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What is pertussis, and why does my child need to be vaccinated against it?

Whooping cough, or pertussis, is called whooping cough because of the distinctive, strange sounding cough that children who have it make. It’s caused by bacteria that infect and inflame the throat, lungs and other parts of the upper respiratory tract.

Whooping cough usually starts out with ordinary cold and flu symptoms – runny nose, sore throat, and mild fever. This can last for up to two weeks, before the coughing that is a tell tale symptom of pertussis starts.

Once the coughing does start, your child can cough non stop for anything from twenty to thirty seconds at a time, usually more frequently at night. Because they aren’t breathing in, many children’s lips and fingertips start to turn blue from lack of oxygen. Some children also vomit a mucous substance after coughing.

For children under one, pertussis is very dangerous, and even life threatening. It can lead to pneumonia, brain damage, convulsions or even, in extreme cases, death.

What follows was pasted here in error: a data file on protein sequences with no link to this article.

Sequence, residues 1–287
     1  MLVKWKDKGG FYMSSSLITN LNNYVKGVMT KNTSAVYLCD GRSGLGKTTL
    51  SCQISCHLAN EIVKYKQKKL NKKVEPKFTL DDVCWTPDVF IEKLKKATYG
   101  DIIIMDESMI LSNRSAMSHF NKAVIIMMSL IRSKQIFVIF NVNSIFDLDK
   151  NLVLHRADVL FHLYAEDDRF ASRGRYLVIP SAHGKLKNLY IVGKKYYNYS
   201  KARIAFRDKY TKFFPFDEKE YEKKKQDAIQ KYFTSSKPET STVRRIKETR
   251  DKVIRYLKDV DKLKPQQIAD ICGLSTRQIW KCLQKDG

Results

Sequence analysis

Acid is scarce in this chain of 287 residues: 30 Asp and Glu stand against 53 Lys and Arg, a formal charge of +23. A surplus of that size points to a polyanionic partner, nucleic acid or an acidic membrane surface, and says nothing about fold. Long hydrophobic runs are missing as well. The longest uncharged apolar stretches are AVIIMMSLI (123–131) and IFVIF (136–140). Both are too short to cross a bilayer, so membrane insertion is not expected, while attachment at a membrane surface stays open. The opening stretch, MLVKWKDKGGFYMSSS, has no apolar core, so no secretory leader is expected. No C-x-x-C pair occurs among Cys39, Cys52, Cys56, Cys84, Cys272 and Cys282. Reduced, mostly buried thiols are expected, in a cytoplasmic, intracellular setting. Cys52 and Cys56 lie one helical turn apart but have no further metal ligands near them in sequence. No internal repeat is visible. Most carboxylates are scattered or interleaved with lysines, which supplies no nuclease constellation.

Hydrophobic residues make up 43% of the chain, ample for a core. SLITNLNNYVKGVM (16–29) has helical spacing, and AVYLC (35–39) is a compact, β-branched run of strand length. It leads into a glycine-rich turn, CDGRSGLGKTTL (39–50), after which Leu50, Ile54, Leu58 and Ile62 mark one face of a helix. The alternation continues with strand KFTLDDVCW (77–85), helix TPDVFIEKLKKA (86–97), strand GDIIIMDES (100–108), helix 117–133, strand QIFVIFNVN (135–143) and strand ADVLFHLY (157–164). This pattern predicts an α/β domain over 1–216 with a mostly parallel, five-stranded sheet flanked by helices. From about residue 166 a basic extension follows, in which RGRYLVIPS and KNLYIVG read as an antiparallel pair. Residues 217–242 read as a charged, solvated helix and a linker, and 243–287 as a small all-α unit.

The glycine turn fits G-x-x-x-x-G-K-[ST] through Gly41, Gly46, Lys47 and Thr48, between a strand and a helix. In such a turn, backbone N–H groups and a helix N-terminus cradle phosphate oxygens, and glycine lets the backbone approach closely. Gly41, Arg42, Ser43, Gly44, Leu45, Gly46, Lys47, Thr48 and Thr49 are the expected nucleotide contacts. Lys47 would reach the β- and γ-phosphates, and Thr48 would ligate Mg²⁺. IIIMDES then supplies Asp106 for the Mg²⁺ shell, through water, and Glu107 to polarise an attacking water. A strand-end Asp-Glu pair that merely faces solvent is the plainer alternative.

The disease is spread by contact with people who are infected, or through airborne saliva and mucus when they cough or sneeze, so it’s very important that unvaccinated children are kept away from infected people and children.

The pertussis vaccination forms a part of the series of ‘6 in 1’ vaccinations, and if your child receives those, he or she should be protected from the disease.  To avoid any risk of transmitting whooping cough to your baby, you and your partner, and any other caregiver, could also opt to have a whooping cough vaccination.

More questions

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Injections are necessary - the thing is to just have them and then get on with it. If needs be, have your child’s favourite toy or something else that will distract him while he has his shot.
Antibiotics do not kill viruses, such as the common cold, and by over using antibiotics, particularly when they aren’t necessary, you are weakening your child's future defences! 
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